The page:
Juneteenth, the commemoration of the end of slavery in America, has been a day of celebration in the black community since 1866, yet many Americans are just now learning of its meaning. Until recently, the only team to acknowledge Juneteenth was the Tulsa Drillers, who since 2011, have paid tribute to Tulsa's negro league team, the T-Town Clowns. Juneteenth, and other events in Black history such as the Tulsa Race Massacre, are days we should remember. They may not bring back the lives of those lost at the hands of brutality, oppression and racism, but we should always celebrate them, fight for them, and never bury their history.
- The plight of black Americans in this nation has always been that of hard-fought victories in the name of validating and protecting our humanity. The abolition of slavery could never undo the atrocities, but we still celebrate Juneteenth. We celebrate it for our ancestors whose only reality during their lifetimes was that of the brutal, dehumanizing institution of slavery. And we celebrate it for our ancestors who got word on June 19, 1865, that slavery was no longer.
Juneteenth is rarely mentioned when discussing American history. Prior to the NFL recognizing it as a national holiday as a result of the recent protest and hard work of groups like Hella Creative, the only team that acknowledged its importance is the Tulsa Drillers. As far back as 2011, the Minor League Baseball team would suit up in T-Town Clown jerseys, North Tulsa's Negro League team owned by Alphonso Williams. It was the first black-built, black-owned, and black-operated baseball club and ballpark in Oklahoma.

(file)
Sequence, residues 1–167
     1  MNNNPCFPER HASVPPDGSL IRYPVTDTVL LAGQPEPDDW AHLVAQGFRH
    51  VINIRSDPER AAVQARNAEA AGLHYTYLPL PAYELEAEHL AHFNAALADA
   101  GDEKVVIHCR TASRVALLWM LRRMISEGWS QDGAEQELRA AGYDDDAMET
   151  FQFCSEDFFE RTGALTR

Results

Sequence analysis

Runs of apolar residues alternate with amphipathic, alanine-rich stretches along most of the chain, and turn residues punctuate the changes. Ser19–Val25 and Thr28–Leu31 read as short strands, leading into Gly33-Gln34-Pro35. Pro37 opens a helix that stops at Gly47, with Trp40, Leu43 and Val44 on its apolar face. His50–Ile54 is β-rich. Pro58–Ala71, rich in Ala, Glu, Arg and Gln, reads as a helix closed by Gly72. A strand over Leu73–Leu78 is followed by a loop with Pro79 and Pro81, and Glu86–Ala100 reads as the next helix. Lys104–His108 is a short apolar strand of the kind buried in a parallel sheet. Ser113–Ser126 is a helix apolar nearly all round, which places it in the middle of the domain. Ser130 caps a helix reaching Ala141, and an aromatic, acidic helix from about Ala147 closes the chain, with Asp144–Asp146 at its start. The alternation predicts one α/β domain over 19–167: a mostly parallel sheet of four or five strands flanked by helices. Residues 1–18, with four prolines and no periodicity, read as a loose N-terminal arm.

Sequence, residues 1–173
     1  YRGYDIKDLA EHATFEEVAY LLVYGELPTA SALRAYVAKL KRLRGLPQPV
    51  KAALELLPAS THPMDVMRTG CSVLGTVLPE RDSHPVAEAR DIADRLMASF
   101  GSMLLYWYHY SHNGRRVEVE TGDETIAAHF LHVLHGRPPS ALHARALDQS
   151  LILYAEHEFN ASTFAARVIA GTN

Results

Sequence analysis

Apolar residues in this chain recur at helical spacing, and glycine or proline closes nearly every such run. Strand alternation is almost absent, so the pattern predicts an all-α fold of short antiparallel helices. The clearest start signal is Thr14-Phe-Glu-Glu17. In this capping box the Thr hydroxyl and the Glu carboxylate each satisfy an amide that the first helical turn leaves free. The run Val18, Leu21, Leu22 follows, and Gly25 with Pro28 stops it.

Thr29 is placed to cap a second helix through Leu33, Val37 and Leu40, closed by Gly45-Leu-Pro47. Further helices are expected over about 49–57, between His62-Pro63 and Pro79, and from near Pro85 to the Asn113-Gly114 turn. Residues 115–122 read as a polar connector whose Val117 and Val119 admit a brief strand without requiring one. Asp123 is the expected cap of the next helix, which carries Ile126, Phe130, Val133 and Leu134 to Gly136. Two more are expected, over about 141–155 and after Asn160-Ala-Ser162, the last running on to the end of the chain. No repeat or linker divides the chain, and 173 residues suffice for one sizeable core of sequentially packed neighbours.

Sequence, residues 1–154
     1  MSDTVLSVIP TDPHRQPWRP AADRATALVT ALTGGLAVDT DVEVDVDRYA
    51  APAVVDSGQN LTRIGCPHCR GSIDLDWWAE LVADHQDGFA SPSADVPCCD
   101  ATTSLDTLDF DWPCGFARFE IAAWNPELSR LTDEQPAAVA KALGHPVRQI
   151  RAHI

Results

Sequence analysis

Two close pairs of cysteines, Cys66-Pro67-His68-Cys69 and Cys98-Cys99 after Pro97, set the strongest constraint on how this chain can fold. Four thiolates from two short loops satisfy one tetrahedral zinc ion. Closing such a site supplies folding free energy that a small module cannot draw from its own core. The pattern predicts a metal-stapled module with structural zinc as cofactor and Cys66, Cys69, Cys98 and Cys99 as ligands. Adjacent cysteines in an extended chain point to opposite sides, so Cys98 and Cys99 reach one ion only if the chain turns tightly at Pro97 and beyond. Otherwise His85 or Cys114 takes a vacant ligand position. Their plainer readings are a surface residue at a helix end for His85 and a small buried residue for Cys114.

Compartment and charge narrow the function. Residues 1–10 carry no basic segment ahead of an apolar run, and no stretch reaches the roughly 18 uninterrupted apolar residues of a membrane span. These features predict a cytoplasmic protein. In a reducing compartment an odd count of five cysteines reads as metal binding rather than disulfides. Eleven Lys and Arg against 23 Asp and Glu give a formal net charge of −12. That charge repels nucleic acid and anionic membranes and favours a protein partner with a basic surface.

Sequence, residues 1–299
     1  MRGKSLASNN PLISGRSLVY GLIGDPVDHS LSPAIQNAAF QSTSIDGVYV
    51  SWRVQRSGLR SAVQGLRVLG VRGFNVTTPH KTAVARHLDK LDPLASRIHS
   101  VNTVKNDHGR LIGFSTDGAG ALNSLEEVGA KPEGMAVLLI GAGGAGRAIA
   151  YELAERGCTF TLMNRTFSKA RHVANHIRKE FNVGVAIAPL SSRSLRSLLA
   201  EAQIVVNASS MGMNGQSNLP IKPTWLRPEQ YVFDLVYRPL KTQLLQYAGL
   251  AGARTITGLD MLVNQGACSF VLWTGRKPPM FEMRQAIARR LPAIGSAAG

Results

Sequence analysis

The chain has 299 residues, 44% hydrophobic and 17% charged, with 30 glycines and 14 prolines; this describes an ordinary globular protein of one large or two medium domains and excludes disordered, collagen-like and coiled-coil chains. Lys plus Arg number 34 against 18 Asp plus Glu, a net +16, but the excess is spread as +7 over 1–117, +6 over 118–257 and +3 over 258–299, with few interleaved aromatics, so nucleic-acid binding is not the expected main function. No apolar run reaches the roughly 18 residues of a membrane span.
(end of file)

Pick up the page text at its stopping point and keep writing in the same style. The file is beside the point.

Tulsa is not only the home of the Drillers and T-Town Clowns. It was also home to Black Wall Street, the wealthiest black community in America until the Tulsa Massacre when, in 1921, a white mob, including uniformed police officers and the National Guard, burned and bombed around 36 square blocks to the ground, killing 200 to 300 black people and destroying 1,200 homes. Not a single person was arrested for this crime against humanity, and not one of the insurance claims made by the survivors was honored. Like Juneteenth, this is a part of America's buried history, but it's an event we must never forget and one we must always remember as one of the harshest examples of the troubling history of how black progress is often met with white violence in this nation.
Juneteenth is a celebration of a brighter tomorrow. These protests are being held nationwide to ensure that brighter tomorrow. No, they won't bring George Floyd, Breonna Taylor, or the countless others who have lost their lives at the hands of police brutality back, but we must always remember them, and we must always strive and fight for them and for a brighter tomorrow, a brighter tomorrow where our vibrant black brothers and sisters are no longer reduced to being memories at the hands of brutality, oppression, and racism.